The second part of trilogy on contemporary Israeli cities, Amos Gitai’s “Day After Day” is a moving family drama set in the port of Haifa as seen through the lives of a Jewish-Arab clan. Simply told in a series of vignettes, it packs unexpected emotion. A film with travel potential, it should score OK international sales in top markets once it completes fest engagements.
The unnamed family is the result of a union between Hanna (Hanna Maron), a Jewish woman, and her Arab husband, Yussef (Yussef Abu Warda), who runs a bakery. But much of the plot focuses on their son, Moshe, or Mussa (Moshe Ivgi), whose marriage is falling apart and who is experiencing some sort of identity crisis.
The other thread concerns an Israeli developer who wants to buy the shop for a proposed retail mall. Though the couple plan to retire, for Yussef selling the property would be a political statement, with implications regarding the balance between the two cultures.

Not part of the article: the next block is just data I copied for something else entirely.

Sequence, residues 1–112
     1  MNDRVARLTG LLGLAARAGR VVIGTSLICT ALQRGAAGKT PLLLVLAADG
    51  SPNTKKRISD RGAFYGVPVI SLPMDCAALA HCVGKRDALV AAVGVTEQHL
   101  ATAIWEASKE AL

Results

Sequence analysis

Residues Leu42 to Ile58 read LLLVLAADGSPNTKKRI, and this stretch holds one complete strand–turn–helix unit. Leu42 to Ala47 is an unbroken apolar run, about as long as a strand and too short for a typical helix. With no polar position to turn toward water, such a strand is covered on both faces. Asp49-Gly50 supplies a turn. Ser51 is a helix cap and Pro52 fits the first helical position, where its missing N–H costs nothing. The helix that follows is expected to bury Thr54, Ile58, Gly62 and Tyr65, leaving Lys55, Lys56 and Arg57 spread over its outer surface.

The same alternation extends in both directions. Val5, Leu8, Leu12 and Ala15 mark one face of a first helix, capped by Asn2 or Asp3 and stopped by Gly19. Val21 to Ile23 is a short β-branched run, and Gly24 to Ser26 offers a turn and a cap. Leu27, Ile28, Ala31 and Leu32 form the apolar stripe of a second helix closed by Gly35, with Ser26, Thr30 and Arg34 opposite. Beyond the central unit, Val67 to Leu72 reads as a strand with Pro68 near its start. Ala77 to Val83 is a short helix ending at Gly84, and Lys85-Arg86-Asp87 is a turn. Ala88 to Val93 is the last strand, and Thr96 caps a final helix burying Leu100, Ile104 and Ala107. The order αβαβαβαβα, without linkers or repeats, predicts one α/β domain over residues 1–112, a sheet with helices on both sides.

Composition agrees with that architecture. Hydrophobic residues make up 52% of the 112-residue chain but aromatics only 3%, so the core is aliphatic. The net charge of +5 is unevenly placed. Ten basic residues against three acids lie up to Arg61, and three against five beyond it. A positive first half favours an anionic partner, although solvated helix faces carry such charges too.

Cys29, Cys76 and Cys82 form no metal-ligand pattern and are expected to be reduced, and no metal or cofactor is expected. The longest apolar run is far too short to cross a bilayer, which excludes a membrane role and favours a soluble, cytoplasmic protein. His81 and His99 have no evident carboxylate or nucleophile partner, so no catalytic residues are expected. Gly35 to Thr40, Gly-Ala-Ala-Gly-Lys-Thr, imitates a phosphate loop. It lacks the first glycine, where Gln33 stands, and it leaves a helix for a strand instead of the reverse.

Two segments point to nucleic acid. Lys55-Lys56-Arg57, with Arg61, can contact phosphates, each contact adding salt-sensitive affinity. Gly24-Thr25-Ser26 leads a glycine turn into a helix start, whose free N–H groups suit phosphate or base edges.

While there’s an underlying tension between Arabs and Jews, “Day After Day” is consumed more by everyday matters such as relationships, military training and even buying a TV set. There’s a documentary feel to Gitai’s direction that gives the more obviously dramatic moments an added punch. It’s an effective approach visually and in terms of storytelling.
Ivgi is an ideal Everyman, with more warmth than looks and a hyperactive personality. His life-long friend Jule is played by Juliano Merr, who has an easy charisma. Remainder of the ensemble cast is strong, with Maron and Abu Warda anchoring the piece and Dalit Kahan riveting as Moshe’s conflicted wife.